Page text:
Reliability, Maintainability and Risk: Practical Methods for Engineers, Eighth Edition, discusses tools and techniques for reliable and safe engineering, and for optimizing maintenance strategies. It emphasizes the importance of using reliability techniques to identify and eliminate potential failures early in the design cycle. The focus is on techniques known as RAMS (reliability, availability, maintainability, and safety-integrity).
The book is organized into five parts. Part 1 on reliability parameters and costs traces the history of reliability and safety technology and presents a cost-effective approach to quality, reliability, and safety. Part 2 deals with the interpretation of failure rates, while Part 3 focuses on the prediction of reliability and risk. Part 4 discusses design and assurance techniques; review and testing techniques; reliability growth modeling; field data collection and feedback; predicting and demonstrating repair times; quantified reliability maintenance; and systematic failures. Part 5 deals with legal, management and safety issues, such as project management, product liability, and safety legislation.
- 8th edition of this core reference for engineers who deal with the design or operation of any safety critical systems, processes or operations
- Answers the question: how can a defect that costs less than $1000 dollars to identify at the process design stage be prevented from escalating to a $100,000 field defect, or a $1m+ catastrophe
- Revised throughout, with new examples, and standards, including must have material on the new edition of global functional safety standard IEC 61508, which launches in 2010
Chemical, Process, Plant, Oil & Gas and related systems safety engineers
Preface Acknowledgements Part 1 Understanding Reliability Parameters and Costs Chapter 1: The History of Reliability and Safety Technology 1.1 Failure Data 1.2 Hazardous Failures 1.3 Reliability and Risk Prediction 1.4 Achieving Reliability and Safety-Integrity 1.5 The RAMS Cycle 1.6 Contractual and Legal Pressures Chapter 2: Understanding Terms and Jargon 2.1 Defining Failure and Failure Modes 2.2 Failure Rate and Mean Time Between Failures 2.3 Interrelationships of Terms 2.4 The Bathtub Distribution 2.5 Down Time and Repair Time 2.6 Availability, Unavailability and Probability of Failure on Demand 2.7 Hazard and Risk-Related Terms 2.8 Choosing the Appropriate Parameter Chapter 3: A Cost-Effective Approach to Quality, Reliability and Safety 3.1 Reliability and Optimum Cost 3.2 Costs and Safety 3.3 The Cost of Quality Part 2 Interpreting Failure Rates Chapter 4: Realistic Failure Rates and Prediction Confidence 4.1 Data Accuracy 4.2 Sources of Data 4.3 Data Ranges 4.4 Confidence Limits of Prediction 4.5 Manufacturers’ Data 4.6 Overall Conclusions Chapter 5: Interpreting Data and Demonstrating Reliability 5.1 The Four Cases 5.2 Inference and Confidence Levels 5.3 The Chi-Square Test 5.4 Understanding the Method in More Detail 5.5 Double-Sided Confidence Limits 5.6 Reliability Demonstration 5.7 Sequential Testing 5.8 Setting Up Demonstration Tests Exercises Chapter 6: Variable Failure Rates and Probability Plotting 6.1 The Weibull Distribution 6.2 Using the Weibull Method 6.3 More Complex Cases of the Weibull Distribution 6.4 Continuous Proc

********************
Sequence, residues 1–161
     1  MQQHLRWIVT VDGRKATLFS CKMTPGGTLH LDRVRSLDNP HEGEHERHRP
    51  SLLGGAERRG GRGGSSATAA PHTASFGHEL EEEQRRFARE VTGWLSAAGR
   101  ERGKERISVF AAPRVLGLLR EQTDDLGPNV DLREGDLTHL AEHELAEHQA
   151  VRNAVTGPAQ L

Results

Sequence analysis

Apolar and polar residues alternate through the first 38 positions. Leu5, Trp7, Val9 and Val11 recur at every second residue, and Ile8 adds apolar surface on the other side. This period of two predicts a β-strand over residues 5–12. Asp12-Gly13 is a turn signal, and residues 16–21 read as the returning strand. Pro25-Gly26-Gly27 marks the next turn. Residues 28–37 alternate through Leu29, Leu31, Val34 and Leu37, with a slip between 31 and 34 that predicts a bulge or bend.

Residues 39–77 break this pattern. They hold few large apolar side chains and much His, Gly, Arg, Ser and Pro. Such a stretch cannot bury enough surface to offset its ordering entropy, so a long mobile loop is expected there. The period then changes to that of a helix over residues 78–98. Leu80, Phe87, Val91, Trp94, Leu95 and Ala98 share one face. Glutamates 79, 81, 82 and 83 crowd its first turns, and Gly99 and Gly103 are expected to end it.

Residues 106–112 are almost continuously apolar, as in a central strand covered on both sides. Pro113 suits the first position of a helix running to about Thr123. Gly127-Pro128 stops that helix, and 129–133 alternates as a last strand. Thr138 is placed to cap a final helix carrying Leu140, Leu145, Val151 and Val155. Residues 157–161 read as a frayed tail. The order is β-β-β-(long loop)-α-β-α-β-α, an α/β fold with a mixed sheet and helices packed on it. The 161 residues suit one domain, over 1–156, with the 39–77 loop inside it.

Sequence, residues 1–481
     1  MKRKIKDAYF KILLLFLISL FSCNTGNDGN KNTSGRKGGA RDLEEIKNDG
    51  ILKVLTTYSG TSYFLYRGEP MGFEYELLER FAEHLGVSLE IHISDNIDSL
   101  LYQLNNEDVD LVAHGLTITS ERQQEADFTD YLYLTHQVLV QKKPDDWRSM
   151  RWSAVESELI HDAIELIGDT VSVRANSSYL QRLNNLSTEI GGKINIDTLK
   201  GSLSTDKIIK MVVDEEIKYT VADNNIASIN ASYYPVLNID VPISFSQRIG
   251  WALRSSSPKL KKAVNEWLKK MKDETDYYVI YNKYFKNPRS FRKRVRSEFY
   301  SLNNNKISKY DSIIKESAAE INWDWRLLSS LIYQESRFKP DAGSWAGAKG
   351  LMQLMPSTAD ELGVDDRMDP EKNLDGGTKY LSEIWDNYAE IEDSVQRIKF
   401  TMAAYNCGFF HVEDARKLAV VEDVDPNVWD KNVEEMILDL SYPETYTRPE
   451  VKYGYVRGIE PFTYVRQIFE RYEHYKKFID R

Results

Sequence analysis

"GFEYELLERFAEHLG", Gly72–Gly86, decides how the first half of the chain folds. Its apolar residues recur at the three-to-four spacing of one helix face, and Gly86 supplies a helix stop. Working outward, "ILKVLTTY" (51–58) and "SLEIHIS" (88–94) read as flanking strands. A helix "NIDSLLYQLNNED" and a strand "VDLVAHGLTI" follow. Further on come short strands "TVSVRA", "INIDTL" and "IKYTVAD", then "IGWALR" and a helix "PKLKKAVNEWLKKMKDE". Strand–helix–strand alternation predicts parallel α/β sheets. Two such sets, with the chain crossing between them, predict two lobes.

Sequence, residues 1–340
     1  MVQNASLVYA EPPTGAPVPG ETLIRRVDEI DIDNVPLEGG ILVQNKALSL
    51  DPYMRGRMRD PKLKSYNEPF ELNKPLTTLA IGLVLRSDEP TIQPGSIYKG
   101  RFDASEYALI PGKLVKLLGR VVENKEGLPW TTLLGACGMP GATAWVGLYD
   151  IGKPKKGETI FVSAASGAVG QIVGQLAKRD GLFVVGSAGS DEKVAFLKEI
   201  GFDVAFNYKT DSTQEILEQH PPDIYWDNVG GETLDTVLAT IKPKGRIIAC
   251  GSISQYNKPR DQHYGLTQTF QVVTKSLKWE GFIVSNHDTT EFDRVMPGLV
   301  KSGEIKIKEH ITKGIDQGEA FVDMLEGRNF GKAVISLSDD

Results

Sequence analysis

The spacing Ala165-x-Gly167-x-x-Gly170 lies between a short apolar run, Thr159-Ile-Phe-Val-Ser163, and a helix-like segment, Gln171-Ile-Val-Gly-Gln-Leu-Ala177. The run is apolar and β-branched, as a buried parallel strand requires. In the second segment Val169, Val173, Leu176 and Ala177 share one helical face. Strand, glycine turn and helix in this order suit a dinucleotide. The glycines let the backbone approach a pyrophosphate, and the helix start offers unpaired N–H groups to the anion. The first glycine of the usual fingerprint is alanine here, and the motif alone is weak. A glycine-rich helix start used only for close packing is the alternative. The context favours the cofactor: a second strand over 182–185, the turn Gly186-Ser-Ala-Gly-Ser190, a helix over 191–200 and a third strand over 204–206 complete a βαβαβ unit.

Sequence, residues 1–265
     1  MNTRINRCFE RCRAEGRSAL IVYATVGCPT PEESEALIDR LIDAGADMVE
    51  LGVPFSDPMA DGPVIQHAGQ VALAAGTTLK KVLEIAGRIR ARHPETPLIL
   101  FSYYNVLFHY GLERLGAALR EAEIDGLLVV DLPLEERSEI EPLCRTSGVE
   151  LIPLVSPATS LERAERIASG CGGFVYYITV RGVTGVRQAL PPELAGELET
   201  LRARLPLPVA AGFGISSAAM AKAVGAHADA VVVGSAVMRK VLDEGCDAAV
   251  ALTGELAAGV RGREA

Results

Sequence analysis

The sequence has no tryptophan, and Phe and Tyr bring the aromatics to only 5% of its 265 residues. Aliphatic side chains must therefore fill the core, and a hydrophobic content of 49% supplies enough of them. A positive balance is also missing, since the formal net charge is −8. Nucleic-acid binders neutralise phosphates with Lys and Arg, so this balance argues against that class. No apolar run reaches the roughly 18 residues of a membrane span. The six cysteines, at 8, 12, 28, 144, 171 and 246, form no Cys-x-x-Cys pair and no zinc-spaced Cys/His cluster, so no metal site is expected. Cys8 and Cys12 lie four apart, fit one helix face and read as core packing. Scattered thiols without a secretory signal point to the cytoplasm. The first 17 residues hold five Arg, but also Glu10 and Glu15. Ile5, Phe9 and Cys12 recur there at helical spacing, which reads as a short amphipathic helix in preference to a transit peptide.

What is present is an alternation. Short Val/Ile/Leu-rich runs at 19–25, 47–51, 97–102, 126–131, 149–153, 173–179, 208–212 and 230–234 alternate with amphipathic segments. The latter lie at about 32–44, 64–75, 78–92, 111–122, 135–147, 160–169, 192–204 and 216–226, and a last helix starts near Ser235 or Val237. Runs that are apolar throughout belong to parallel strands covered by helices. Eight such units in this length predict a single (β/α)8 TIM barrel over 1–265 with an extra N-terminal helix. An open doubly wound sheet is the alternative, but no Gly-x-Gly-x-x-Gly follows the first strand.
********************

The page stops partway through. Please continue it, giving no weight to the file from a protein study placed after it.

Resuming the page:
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- © Butterworth-Heinemann 2011
- 20th June 2011
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Dr David J Smith is the Proprietor of Technis Consultancy. He has written numerous books on Reliability and Safety over the last 35 years. His FARADIP database has become widely used, and his other software packages are also used throughout the profession. His PhD thesis was on the subject of reliability prediction and common cause failure. He contributed to the first drafting of IEC 61508 and chairs the IGEM panel which produces SR/15 (the gas industry safety related guidance). David is past President of the Safety and Reliability Society.
Independent Consultant, Technis, Tonbridge, UK